Like it or not, Hollywood productions, like sports owners, have been able to play cities and states against each other for years to get the best deal for themselves.
Folks in Tampa Bay are all too familiar with getting burned by giving welfare to rich folks. You don’t have to have lived in the area to know how searing the 1996 CIT was. That was the tax that went to fund schools, cultural amenities like Lowry Park Zoo and the Florida Aquarium, and of course, the construction of Raymond James Stadium. The measure bitterly divided the community, passing by a 53-47 percent margin.
The sour taste from that vote lingers 19 years later.
It was right around that time that Hollywood producers of film and television productions began filming in Vancouver, Canada, because of tax incentives that the Canadian government provided. That led the arms race in other states to follow, and some of the biggest have been in the Southeast, such as Georgia and Louisiana.
Florida has been slow to the party. But when they finally did get around to creating such a tax incentives package five years ago, they burned through the $269 million allowed for six years in less than half that time
The creative arts industries in Florida have been calling desperately for Tallahassee to replenish that fund, but that effort has fallen short the past couple of years.
But it’s back again this year.
Yesterday the Florida Senate Commerce and Tourism Committee unanimously passed Venice Republican Nancy Detert’s proposal to replenish the tax incentive program for film/TV/and digital productions, though there’s not a firm dollar figure attached just yet. As the Sarasota Herald-Tribune’s Jeremy Wallace reports, Detert’s bill would make the film tax credits essentially a rebate program; filmmakers who prove they hired people in Florida and spent money in the state would get tax rebates at the end of their project.
Some folks — especially Americans for Prosperity — have been lobbying Tallahassee legislators hard this session to reject the proposal, and they’ve cited studies showing that Florida doesn’t get anything close to our return on investment. (They’re also lobbying against a proposal to provide money to four sports stadiums this session. They may be having more success there.)
One government agency very supportive of the proposal is the Hillsborough County Commission. They’ve got their fingers crossed that they can lure Oscar-award winning director Ben Affleck to film Dennis Lehane’s best-seller, Live By Night, in Ybor City. The novel is set there, and Affleck and Lehane say they want the film to be shot here. But only with those tax incentives…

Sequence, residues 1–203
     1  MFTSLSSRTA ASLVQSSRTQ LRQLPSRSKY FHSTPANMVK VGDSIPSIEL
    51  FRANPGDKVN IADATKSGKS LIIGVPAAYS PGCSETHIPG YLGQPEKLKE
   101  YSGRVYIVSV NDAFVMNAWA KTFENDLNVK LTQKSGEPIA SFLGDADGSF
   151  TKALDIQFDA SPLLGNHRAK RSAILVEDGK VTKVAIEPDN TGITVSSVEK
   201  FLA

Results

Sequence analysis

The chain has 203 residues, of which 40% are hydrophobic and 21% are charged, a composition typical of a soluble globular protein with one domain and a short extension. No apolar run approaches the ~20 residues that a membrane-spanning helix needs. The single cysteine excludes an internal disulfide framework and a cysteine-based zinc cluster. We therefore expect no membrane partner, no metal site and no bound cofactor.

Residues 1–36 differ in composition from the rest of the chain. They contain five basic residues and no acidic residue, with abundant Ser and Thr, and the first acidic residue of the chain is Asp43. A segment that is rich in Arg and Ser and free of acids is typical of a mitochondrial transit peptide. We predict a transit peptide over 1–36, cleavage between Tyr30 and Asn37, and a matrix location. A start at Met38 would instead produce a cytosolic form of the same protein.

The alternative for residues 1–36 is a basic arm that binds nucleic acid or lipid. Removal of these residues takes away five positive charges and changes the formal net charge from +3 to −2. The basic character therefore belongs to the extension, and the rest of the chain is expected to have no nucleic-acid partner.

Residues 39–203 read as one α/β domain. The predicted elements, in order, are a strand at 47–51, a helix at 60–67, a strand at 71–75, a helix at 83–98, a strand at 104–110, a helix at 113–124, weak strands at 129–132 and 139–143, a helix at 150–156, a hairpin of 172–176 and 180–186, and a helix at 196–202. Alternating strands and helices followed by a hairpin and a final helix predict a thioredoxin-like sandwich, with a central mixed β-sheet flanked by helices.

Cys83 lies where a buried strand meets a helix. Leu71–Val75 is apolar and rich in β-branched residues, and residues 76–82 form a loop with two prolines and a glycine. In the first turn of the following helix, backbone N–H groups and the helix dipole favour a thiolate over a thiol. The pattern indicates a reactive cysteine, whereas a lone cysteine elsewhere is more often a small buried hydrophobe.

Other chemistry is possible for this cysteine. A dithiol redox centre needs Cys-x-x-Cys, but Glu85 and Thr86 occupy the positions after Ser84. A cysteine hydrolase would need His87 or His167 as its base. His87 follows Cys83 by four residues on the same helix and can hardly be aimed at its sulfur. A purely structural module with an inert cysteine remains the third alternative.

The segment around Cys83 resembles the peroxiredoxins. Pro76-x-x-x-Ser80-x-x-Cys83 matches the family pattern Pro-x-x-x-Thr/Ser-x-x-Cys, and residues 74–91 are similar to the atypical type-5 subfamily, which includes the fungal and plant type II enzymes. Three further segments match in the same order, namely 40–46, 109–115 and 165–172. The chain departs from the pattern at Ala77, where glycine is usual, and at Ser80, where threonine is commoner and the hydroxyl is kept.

In other news…
It took newspaper reporters to unearth the lack of care at our prisons here in Florida, but give props to GOP state Sen. Greg Evers for giving a damn now that he’s aware of it. Yesterday the Senate Criminal Justice Committee heard firsthand from some of those officials who have themselves come under retaliation simply by reporting such incidents.
Statistics indicate that crime continues to go down, though the number of prisoners in the DOC system isn’t necessarily reflecting that change.
That report over the weekend that Rick Scott put a kibosh on anyone at DEP from using the terms “climate change” and “global warming” isn’t going away. Yesterday the San Francisco-based NextGen Climate political action committee sent out a statement demanding to know where fellow Floridians Jeb Bush and Marco Rubio come down on the issue.
And a Mason-Dixon poll says that Marco Rubio is looking good in his bid for re-election for the U.S. Senate in Florida next year. And if he doesn’t give it a run, Chief Financial Officer Jeff Atwater looks pretty impressive as well, though the poll only has the two Republicans squaring off against South Florida Democrats Patrick Murphy and Debbie Wasserman Schultz in imagined 2016 scenarios.